- Richfield Public Schools has a fund set up for people to help cover unpaid lunch accounts.
3 school staff members to be charged in the restraining death of California boy with autism
- Guiding Hands School Executive Director Cindy Keller, Principal Staranne Meyers and special education teacher Kimberly Wohlwend each face a charge of felony involuntary manslaughter, according to a Tuesday news release from the El Dorado County District Attorney's Office.
- Guiding Hands School Inc., which owned the now-closed private alternative school in El Dorado Hills, will also be charged with a count of felony involuntary manslaughter, according to the news release.
- School staff restrained the student out of fear he might hurt others, the sheriff's office said in a statement released days after the boy's death.
- Guiding Hands School, which served students with disabilities, said only that staff members used "a nationally recognized behavior management protocol" during the incident -- an approach the state Department of Education criticized.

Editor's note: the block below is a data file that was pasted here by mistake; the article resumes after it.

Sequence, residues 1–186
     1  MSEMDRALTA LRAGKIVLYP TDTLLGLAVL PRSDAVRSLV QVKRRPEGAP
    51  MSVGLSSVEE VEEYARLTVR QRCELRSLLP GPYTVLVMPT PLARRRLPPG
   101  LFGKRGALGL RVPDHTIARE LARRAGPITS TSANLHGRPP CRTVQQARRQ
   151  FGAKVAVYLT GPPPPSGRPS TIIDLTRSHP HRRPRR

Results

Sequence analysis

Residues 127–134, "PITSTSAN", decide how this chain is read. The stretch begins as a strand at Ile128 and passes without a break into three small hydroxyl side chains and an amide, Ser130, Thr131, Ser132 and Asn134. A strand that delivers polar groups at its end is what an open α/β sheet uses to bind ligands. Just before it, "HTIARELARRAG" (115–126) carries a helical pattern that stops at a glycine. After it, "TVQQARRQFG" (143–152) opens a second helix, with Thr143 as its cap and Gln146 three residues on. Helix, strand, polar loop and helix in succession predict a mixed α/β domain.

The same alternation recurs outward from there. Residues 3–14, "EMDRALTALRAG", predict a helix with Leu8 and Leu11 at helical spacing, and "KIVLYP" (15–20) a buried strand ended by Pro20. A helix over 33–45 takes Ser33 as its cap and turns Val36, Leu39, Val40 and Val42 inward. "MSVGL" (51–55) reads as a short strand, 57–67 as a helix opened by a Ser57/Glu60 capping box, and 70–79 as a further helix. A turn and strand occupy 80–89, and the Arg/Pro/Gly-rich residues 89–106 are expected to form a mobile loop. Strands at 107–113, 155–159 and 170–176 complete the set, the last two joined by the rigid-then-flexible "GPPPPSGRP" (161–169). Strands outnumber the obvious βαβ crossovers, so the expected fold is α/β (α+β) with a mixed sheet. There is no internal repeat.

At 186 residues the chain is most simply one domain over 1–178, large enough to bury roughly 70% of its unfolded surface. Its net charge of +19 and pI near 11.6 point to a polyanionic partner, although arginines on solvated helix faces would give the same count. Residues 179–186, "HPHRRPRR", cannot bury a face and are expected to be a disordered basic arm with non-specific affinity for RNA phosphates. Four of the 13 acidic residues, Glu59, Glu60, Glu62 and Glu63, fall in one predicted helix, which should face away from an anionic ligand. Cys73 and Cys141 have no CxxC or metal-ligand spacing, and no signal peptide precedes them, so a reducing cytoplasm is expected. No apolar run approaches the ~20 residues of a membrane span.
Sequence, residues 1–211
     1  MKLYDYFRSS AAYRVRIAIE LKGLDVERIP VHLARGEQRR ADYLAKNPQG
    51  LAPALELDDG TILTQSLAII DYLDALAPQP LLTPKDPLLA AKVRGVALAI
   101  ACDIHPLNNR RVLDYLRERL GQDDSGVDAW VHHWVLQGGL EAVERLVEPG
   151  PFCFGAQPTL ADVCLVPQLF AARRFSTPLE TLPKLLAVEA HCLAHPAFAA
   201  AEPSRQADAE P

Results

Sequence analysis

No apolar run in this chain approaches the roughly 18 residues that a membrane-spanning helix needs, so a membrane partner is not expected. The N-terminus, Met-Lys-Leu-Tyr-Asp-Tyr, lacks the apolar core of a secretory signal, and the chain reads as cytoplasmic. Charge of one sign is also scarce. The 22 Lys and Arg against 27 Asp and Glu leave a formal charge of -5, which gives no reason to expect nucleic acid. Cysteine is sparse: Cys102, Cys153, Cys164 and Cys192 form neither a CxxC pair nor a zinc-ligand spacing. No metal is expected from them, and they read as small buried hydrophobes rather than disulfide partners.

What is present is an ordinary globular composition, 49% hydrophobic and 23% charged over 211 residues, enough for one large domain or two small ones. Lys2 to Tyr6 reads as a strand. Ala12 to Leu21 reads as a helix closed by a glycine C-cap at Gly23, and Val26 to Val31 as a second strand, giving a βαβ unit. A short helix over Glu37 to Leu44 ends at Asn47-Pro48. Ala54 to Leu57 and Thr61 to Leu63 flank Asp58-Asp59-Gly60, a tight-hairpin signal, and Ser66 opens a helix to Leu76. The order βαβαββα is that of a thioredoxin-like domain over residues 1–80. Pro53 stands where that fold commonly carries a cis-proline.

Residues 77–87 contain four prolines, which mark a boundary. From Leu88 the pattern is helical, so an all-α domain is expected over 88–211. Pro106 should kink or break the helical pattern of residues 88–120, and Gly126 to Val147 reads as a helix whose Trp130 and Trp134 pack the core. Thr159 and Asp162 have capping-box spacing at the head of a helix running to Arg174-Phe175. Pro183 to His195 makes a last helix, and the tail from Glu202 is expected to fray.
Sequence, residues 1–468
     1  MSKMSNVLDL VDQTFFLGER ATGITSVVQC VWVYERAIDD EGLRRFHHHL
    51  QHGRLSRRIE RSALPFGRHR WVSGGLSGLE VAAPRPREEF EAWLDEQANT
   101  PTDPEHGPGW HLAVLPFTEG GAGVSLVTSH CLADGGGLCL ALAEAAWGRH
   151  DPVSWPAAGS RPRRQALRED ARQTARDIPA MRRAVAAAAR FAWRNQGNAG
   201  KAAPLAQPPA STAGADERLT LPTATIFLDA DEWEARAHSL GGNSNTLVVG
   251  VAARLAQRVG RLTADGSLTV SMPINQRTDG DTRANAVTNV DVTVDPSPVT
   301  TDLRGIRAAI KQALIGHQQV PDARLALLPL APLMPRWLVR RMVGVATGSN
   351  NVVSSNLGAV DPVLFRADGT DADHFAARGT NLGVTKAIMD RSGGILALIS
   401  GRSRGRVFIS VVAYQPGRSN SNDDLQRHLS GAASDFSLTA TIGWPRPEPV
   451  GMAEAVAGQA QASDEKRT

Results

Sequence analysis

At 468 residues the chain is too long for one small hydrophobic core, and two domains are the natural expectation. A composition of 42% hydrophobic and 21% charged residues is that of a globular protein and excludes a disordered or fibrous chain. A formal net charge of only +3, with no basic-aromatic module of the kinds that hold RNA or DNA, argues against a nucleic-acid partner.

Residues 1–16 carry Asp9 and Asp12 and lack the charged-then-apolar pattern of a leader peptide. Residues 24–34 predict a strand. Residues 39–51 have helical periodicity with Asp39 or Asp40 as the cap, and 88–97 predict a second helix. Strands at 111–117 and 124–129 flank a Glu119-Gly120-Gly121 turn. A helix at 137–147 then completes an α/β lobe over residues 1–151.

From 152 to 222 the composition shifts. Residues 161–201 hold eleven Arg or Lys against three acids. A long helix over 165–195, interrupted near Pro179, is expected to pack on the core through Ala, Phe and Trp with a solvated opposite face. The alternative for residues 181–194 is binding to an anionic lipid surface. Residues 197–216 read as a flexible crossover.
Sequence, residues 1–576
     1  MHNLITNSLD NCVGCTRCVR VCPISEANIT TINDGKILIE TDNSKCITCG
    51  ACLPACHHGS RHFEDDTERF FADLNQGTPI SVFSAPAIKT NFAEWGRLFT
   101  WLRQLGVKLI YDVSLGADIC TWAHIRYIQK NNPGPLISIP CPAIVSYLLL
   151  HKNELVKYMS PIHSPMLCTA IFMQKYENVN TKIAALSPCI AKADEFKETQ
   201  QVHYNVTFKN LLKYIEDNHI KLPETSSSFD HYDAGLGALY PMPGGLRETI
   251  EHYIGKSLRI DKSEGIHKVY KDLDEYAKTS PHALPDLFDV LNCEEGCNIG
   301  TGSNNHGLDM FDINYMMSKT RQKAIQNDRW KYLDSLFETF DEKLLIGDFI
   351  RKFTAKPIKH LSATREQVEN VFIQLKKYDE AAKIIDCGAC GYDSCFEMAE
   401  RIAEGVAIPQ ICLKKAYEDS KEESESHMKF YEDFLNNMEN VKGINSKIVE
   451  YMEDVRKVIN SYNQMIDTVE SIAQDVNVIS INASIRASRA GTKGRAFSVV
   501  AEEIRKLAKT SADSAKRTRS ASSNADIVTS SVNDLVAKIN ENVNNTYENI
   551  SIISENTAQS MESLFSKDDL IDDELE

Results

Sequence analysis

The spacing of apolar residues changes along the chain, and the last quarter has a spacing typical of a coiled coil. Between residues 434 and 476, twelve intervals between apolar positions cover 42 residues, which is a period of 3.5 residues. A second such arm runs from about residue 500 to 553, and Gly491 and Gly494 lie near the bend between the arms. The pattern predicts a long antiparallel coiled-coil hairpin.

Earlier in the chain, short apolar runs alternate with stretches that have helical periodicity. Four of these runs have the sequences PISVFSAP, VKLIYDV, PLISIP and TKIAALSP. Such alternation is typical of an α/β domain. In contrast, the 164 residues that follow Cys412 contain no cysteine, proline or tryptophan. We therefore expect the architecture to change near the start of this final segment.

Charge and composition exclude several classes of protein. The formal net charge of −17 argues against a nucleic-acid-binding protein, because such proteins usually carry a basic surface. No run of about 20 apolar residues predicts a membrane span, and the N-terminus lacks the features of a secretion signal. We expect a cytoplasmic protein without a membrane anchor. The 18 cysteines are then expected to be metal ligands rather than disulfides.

Age to buy tobacco and e-cigarette products in New York raised to 21
- New York State Police is partnering with the Department of Health to conduct undercover investigations on retailers selling vaping products to underage youth, according to a press release.
- According to New York Department of Health data, nearly 27% of high school students in the state are now using e-cigarettes.
- In September, New York became the first US state to ban the sale of flavored e-cigarettes and nicotine e-liquids to combat the increase in young people using vape products.
- Several states have considered new ways to limit e-cigarette sales after a nationwide outbreak of vaping-related lung injury.
- Last week, the US Centers for Disease Control and Prevention reported that vitamin E acetate, an additive sometimes used in THC and other vaping products, may be to blame for the outbreak of e-cigarette-related lung injuries.